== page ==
The American Way of Eating: Undercover at Walmart, Applebee’s, Farm Fields and the Dinner Table | By Tracie McMillan | Scribner | 336 pages, $25.00

Irritating. That’s the word that comes to mind when reflecting on Tracie McMillan’s The American Way of Eating: Undercover at Walmart, Applebee’s, Farm Fields and the Dinner Table.

Irritating because McMillan goes undercover in order to determine why Americans as a whole—especially the poor—eat so badly. Except we’ve viewed or read parts of this story before in Morgan Spurlock’s series 30 Days, Eric Schlosser’s Fast Food Nation, and Robert Kenner’s Food, Inc., to name three examples. Throw in Michael Pollan’s The Omnivore’s Dilemma and it’s increasingly unclear what else could be said about food that merits such continued attention.

Irritating because McMillan is a middle-class white woman who delves into the lives of the poor and because so many pious, holier-than-thou narratives use the poor to teach us life lessons. (Mercifully, she avoids preaching, and her secondary characters are largely engaging and well rounded, but the poverty tourism nonetheless is irksome.)

Finally, it’s irritating because despite its flaws, the book works. Its shortcomings make it easy to want to hate, but the story is captivating enough to engross and sway. But if the trade-off is reading again, for example, about Walmart’s competition-killing practices while learning the reasons fresh produce is harder to come by in Detroit, or how Applebee’s doesn’t cook its food so much as assemble it, the trade-off—suffering through some oft-told tales—seems fair.

While covering the poverty beat for a magazine, McMillan had a minor revelation when a teenaged interview subject with bad eating habits let her in on a secret: She eats poorly because it’s cheap. Vanessa, the young interviewee, loves fresh vegetables but can rarely afford them, and asks McMillan, “If you want people to eat healthy, why make it so expensive?” McMillan acknowledges Vanessa hasn’t said anything groundbreaking, but she’s hit on a truth: “Eating poorly is easier than eating well.”

It’s irritating—even disheartening—that, for many Americans, eating fast food or prepackaged food is a simpler, less headache-inducing (though possibly more artery clogging) alternative to searching out, purchasing, and then preparing fresh food. Why shouldn’t the poor have easy, affordable access to the same foods the affluent have? Everyone has to eat, and eating fast food each day may kill you (just ask Morgan Spurlock).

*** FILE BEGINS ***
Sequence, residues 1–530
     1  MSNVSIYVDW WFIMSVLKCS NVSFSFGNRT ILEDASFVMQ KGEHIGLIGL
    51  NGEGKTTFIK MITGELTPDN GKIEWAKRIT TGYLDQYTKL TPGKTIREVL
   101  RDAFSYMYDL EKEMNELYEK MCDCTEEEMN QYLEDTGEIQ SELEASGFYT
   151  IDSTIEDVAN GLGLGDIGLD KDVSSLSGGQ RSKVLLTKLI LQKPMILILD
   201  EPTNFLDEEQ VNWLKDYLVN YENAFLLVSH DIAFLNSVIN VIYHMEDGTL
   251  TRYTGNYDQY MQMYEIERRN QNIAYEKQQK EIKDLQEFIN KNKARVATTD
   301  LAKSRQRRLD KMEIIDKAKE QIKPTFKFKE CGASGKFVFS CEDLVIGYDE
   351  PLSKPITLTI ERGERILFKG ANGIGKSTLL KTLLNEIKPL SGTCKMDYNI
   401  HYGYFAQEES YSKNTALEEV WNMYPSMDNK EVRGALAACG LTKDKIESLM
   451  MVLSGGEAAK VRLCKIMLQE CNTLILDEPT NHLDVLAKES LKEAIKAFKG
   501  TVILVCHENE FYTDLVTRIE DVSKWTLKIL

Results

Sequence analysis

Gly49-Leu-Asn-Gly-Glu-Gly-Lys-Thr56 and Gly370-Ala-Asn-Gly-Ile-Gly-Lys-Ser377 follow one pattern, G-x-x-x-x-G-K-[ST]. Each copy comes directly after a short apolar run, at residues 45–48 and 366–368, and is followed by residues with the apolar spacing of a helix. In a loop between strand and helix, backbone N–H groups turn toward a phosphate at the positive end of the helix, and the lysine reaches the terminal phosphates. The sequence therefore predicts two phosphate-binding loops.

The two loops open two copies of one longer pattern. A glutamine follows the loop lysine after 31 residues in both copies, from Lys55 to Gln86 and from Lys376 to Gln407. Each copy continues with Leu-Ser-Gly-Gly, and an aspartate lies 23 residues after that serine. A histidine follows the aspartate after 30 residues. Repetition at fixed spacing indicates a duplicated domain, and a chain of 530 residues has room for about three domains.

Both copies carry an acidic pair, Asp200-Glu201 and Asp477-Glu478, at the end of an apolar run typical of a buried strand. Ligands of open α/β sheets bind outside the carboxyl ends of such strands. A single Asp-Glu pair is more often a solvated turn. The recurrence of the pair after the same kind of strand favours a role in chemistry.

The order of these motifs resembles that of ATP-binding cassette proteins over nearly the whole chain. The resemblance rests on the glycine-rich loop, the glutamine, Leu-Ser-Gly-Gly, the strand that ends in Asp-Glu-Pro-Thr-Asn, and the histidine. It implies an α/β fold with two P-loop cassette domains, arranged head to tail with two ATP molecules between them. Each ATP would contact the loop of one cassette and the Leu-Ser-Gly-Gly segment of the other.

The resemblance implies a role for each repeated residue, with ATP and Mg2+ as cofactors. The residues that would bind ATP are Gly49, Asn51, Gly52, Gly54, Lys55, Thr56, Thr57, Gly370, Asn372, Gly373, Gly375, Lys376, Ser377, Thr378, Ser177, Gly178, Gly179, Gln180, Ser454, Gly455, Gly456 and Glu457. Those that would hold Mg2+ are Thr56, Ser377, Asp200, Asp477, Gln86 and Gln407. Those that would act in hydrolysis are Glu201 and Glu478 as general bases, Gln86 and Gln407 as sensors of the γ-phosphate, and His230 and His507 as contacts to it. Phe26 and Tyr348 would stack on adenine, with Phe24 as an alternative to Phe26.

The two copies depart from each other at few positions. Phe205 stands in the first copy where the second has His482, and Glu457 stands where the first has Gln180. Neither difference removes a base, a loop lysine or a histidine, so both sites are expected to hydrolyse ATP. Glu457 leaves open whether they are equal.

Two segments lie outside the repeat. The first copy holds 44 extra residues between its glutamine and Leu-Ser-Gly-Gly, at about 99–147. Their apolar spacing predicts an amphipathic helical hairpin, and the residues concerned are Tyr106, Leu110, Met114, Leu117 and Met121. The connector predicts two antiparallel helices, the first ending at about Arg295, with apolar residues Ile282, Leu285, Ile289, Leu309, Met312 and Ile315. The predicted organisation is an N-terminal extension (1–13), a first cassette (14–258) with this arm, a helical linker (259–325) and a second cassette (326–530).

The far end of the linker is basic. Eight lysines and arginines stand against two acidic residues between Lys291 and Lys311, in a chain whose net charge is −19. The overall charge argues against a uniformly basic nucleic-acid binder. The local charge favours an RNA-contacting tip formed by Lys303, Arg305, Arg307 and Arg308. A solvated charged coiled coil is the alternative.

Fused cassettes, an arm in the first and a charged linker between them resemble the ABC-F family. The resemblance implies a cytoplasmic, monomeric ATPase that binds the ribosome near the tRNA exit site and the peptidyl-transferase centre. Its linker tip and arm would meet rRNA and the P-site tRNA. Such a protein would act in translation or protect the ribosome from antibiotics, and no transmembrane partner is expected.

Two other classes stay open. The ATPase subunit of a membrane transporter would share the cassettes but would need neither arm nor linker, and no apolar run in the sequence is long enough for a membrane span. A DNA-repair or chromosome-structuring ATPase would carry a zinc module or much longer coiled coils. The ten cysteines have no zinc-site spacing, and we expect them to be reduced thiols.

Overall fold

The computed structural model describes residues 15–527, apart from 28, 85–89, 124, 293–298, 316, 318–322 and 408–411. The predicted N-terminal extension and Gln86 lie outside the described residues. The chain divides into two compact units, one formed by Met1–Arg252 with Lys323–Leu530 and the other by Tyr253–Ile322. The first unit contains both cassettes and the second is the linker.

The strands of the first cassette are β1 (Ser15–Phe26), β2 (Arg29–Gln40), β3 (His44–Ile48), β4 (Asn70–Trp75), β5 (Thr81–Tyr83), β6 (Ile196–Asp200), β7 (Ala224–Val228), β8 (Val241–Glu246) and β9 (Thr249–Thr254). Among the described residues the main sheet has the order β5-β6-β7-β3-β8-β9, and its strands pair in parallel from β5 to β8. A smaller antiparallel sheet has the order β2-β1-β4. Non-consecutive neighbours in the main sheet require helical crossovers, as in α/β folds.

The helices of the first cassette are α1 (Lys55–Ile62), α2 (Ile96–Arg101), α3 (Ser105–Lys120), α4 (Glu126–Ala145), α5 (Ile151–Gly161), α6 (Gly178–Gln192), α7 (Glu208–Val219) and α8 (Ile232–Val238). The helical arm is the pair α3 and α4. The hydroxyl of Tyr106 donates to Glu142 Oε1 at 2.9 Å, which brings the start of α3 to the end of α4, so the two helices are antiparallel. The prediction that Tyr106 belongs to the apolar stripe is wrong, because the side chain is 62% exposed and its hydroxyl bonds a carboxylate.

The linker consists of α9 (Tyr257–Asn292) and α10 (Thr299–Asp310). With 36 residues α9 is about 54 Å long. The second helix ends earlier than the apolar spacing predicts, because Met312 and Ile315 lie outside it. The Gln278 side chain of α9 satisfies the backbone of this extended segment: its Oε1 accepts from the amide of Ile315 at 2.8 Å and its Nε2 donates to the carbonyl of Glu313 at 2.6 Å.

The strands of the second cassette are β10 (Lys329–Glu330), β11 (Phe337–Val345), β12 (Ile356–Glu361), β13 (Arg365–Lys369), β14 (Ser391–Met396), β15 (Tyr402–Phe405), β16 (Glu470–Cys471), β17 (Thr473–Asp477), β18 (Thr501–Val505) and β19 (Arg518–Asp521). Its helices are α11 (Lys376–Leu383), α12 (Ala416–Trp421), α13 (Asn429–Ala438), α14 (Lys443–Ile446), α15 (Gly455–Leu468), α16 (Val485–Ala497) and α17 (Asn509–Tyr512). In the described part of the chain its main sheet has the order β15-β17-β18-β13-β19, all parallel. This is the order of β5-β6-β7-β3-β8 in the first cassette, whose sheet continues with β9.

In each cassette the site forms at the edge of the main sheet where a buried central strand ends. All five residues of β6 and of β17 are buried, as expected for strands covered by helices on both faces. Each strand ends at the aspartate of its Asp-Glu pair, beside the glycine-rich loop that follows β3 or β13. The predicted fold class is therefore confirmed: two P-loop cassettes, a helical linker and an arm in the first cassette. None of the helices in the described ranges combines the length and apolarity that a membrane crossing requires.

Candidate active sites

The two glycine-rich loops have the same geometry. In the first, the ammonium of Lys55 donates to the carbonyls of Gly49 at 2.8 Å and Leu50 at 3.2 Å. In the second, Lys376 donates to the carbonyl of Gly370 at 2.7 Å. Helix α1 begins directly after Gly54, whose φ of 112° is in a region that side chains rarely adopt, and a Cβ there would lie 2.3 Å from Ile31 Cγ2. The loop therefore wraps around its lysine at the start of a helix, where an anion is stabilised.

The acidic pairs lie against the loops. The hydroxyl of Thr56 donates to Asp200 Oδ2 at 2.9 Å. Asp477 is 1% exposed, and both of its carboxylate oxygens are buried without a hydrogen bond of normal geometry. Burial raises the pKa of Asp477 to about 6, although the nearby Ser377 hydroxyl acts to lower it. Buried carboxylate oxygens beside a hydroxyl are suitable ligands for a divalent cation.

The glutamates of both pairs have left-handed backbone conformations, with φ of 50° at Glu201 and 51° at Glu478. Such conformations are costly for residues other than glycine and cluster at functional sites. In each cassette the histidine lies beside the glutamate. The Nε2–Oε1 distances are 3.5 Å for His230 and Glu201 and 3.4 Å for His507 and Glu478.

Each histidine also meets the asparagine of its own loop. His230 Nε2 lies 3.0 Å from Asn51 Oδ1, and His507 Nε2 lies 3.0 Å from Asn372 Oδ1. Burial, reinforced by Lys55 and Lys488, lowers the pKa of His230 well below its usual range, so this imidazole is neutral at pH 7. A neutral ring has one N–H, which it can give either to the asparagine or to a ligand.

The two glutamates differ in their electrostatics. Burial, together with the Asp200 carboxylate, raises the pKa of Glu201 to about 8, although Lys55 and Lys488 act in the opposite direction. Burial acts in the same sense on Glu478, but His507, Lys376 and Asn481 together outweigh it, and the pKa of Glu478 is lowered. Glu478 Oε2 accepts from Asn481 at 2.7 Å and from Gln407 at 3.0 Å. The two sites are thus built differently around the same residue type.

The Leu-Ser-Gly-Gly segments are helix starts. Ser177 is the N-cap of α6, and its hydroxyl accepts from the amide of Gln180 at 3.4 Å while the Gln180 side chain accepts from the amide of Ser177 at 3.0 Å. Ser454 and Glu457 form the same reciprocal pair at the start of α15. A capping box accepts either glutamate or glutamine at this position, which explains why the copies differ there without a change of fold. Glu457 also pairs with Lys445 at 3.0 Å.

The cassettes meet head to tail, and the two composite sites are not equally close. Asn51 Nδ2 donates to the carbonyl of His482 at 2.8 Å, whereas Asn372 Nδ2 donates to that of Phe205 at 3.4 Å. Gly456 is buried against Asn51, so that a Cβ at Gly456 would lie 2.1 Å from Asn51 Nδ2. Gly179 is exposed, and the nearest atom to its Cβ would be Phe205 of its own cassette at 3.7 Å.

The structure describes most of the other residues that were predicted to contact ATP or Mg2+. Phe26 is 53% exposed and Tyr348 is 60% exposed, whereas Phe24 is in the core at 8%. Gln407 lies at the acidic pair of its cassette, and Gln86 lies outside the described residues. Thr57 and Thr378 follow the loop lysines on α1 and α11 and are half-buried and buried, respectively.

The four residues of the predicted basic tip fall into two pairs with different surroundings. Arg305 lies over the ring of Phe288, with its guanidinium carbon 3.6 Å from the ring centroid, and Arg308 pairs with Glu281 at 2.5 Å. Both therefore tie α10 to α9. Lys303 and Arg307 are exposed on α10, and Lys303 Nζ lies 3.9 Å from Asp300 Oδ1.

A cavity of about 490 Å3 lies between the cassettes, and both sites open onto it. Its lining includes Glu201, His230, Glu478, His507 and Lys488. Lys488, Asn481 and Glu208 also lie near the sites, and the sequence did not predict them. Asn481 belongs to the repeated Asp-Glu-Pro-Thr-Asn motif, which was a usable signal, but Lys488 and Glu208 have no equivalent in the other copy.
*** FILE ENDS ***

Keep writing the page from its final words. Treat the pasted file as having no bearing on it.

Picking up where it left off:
So McMillan goes undercover as a member of the working poor to determine why eating poorly is the standard and whether it’s possible to eat, for example, fresh produce while living off the wages earned by picking grapes in a field. She also picks peaches and garlic at California farms where she’s the only white person in the fields. (Her standard cover story is that she has lots of problems and doesn’t want to work at a job where she has to deal with customers.) She moves onto working at Walmart supercenters—the stores with groceries—in Michigan. Finally, she works the line at an Applebee’s restaurant in Brooklyn.

“What would it take for us to all eat well?” McMillan asks herself at her journey’s beginning. The low-paying jobs—she sets aside some startup cash in each location to find an apartment, but that’s about it—make it easier for her to live and spend as an actual farm worker, grocery clerk, or food runner would. In each location, McMillan charts her take-home pay and expenses, including her food budget. She does some meticulous planning to keep from going hungry in each spot. Not surprisingly, she hits some stumbling blocks.

Shortly after starting a stint cutting garlic, McMillan feels pain in her arm. “The pain is actually so great I cannot cut a single garlic stalk,” she writes. “This is all it took? Two weeks in the field and I’m debilitated.” She receives medical care—she has tennis elbow—but leaves farming. “It comes down to my arm or the fields,” she writes.

David Riedel is a writer in Boston.